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Your city on social media

On Behalf of | Jul 26, 2019 | Municipal Law |

It seems that the time where people, businesses and other entities could decide if they would exist on social media has passed. Now, there are dozens of platforms and billions of users that ensure there are mentions of even the most private entities.

All the social media options can be overwhelming. You want to portray your city with the right message, but still, minimize some of the problems other users have had with social media.

Here are a few tips to keep in mind when putting your city on social media.

Controlling the message

Unfortunately, the option to abstain from social media is no longer viable. Whether your city’s residents are complaining about the line at the DMV or they are excited about an upcoming event, your city’s name is on social media.

When you create a social media page for your city, you can control the messages about what happens in your city. Your page gives you a chance to share upcoming events and notifications while allowing residents to learn more about each other’s interests.

What about debates?

One fear that comes with social media is the frequent debates between people who disagree, either with each other or with a decision that affects all of them. It can be frustrating to try to moderate a discussion, especially if it becomes heated.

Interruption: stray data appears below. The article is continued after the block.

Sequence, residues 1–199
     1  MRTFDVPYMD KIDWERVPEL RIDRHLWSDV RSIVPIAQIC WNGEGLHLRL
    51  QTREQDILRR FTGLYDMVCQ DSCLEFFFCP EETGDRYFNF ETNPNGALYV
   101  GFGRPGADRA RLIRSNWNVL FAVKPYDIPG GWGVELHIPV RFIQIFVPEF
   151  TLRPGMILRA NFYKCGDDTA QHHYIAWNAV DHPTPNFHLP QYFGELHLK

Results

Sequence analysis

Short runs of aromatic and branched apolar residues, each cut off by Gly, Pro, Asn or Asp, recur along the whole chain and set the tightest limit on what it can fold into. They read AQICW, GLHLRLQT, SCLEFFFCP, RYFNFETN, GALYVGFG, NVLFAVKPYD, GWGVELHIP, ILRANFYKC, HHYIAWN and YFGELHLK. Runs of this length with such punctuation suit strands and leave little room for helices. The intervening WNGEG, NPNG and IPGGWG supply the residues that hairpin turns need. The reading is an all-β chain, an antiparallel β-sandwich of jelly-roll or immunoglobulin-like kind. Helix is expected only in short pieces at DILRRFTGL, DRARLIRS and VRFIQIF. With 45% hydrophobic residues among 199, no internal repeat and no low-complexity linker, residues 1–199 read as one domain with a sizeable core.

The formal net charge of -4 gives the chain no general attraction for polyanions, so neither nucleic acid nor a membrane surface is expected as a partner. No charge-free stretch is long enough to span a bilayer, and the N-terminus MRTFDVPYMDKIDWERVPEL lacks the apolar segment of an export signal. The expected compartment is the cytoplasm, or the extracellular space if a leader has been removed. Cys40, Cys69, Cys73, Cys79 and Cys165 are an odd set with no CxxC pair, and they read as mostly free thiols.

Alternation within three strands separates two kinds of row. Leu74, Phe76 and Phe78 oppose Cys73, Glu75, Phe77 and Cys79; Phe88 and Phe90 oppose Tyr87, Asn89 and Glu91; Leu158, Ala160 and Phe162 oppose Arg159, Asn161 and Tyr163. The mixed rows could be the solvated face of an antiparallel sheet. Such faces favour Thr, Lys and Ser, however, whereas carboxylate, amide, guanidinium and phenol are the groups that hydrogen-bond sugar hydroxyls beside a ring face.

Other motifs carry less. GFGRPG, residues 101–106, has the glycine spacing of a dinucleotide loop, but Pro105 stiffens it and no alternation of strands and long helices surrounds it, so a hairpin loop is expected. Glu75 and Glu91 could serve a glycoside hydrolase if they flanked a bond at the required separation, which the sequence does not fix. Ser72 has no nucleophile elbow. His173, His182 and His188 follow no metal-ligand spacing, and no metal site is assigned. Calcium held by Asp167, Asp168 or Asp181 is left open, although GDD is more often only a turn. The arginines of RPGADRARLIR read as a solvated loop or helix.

Like the phone calls, letters and petitions from years past, social media gives you and the others working for the city a chance to see what the residents care about right now. While you may not be able to take direct action against an issue right away, you can learn more about it from the people who care most.

Create clear policies

When you start your city’s social media page, you can make it clear that someone is supervising the page. Let users know certain behaviors will not be tolerated. Many pages have similar policies and will block people who are perpetually causing problems or spreading misinformation.

Also, communicate your expectations to all employees. Let them know what they can share and how they should share it. Your guidelines should also include any consequences for not following the policy.



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